Ladies Listen Up – It’s Time To Talk About Your Pensions

Ladies listen up, here are some frightening female finance facts –

• A woman’s income in retirement is generally 40% that of a man’s!

• Women have never truly been able to rely on the Government’s help in retirement!

• Women need 39 (yes 39!) years of full NI contributions to get the full basic state pension!

• One in four single retired women already live below the breadline!

• AND it’s going to get worse as post-war women are facing an even bigger pension’s crisis.

I know I know, talking about pensions is the fastest way to send anyone into a coma but seriously, it’s time for women to take charge of their retirement planning and get the deal they deserve.

So why do women still get such a raw deal, surely the days of sexual inequality are long gone?

• It’s a fact that women still take on the majority of child care which can lead to career breaks and higher financial commitments.

• It’s a fact that there is still a pay discrepancy between the sexes.

• It’s a fact that more women than men work part-time.

• It’s a fact that women receive inferior annuity rates to men.

• It’s a shameful fact that 20% of honest independent minded women between the ages of 18 and 34 prefer not to worry their pretty heads about such things and let their male partner do all the planning – oh blimey.

So what can be done?

1) Understand the options that are open to you…see the Tax Consultants Guide’s Jargon Buster below

2) Take advice to find the best option for you…see What Next below

3) Don’t be lazy or indifferent, act!

Jargon Buster: –

Basic State Pension – the amount you are entitled to is based on the NI (National Insurance) contributions an individual makes during their working life. Women who take time out of the employment arena or who earn under the NI threshold lose out and do not qualify for the full Basic State Pension…which let’s face it isn’t much anyway! At the moment it’s just over £65 a week.

SERPS – or State Earnings Related Pension Scheme. The amount you get out depends on the amount you pay in and the amount you pay in depends on the amount you earn in the first place! If you don’t opt out, if you do earn enough and if you do pay employee’s NI then you are automatically part of SERPS.

Occupational Pension Scheme – these are schemes provided by an employer into which both you and your employer can pay – 60% of women don’t have one!

Personal Pension Scheme – these are arranged by YOU with a bank, building society or other financial institution…oh and 60% of women don’t have one of these either!

Income Support and the Minimum Income Guarantee – in 1999 the Government introduced the Minimum Income Guarantee which is, simply put, a threshold below which no retired person’s income should be allowed to fall. Theoretically the Basic State Pension would be boosted by Income Support should an individual’s income fall below this minimum income threshold…Income Support is means tested.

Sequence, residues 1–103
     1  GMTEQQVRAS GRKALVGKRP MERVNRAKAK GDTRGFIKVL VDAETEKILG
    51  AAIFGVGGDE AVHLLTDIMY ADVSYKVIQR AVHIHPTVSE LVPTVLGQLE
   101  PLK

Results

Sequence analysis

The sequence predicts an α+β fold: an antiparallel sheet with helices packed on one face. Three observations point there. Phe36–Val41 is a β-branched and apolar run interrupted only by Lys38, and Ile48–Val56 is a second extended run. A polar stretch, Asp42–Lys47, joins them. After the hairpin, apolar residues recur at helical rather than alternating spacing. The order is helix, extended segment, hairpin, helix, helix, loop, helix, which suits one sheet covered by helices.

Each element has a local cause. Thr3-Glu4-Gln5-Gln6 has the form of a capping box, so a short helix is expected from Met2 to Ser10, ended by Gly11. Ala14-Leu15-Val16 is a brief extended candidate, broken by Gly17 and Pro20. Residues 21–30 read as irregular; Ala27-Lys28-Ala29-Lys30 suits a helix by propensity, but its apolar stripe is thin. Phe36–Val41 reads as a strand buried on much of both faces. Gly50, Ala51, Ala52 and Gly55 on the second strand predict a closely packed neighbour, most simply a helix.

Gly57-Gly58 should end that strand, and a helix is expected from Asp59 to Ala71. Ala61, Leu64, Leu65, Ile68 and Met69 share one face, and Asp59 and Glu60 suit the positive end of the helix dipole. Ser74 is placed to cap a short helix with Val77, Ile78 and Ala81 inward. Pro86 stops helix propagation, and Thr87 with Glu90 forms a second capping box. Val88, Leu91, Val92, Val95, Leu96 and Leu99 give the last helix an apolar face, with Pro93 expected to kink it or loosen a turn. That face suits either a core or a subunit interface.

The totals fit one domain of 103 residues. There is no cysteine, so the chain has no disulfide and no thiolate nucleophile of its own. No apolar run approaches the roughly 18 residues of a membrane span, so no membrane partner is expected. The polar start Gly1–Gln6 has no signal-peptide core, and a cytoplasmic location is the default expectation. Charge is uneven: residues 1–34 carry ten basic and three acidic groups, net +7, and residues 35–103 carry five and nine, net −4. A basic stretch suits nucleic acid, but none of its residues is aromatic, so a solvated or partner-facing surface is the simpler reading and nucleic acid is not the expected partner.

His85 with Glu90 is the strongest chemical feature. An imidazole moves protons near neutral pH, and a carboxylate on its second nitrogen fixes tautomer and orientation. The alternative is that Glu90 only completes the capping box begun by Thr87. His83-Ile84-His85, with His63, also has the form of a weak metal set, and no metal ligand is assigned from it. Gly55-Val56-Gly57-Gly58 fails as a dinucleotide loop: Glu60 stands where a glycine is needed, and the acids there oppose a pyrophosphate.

State Second Pension – Introduced in 2002 by Labour and already being considered for the scrap heap by the Conservatives this is for people paying NI and earning under £9500 AND for those who are full time care givers (including someone looking after an under five year old child)…these people will be counted into the scheme as if they were earning £9500.

Stakeholder Pension – Launched in 2001 this scheme encourages people on ‘modest’ incomes of between £9500 and £18000 to save for their retirement. Government research out today shows that three-quarters of companies offering stakeholder pensions to workers actually have no members in their schemes!

What Next: –

The Tax Consultants Guide recommends that you get independent financial advice from a professional who will best assess your individual situation.

Consider the following points as well: –

Join your employer’s occupational pension scheme (if one exists!) or get yourself a personal pension.

The sooner the better – don’t put off until tomorrow what you can do today!

Increase your contributions as your income increases and pay in as much as you can afford while you’re earning.

If you’re on a lower income you may wish to consider alternative savings vehicles – ISAs, National Savings or mutual funds for example, which can all be accessed if needs be prior to retirement. Consider the tax effectiveness of any savings vehicle and remember that pension contributions generally have a higher rate of tax relief.

If you face a divorce make sure you know the value of your husband’s investments including his pension before a settlement is agreed upon.

If you’re taking a career break to care for your children you can still continue to pay into a personal pension.

Never forget that the value of an investment can go down as well as up!

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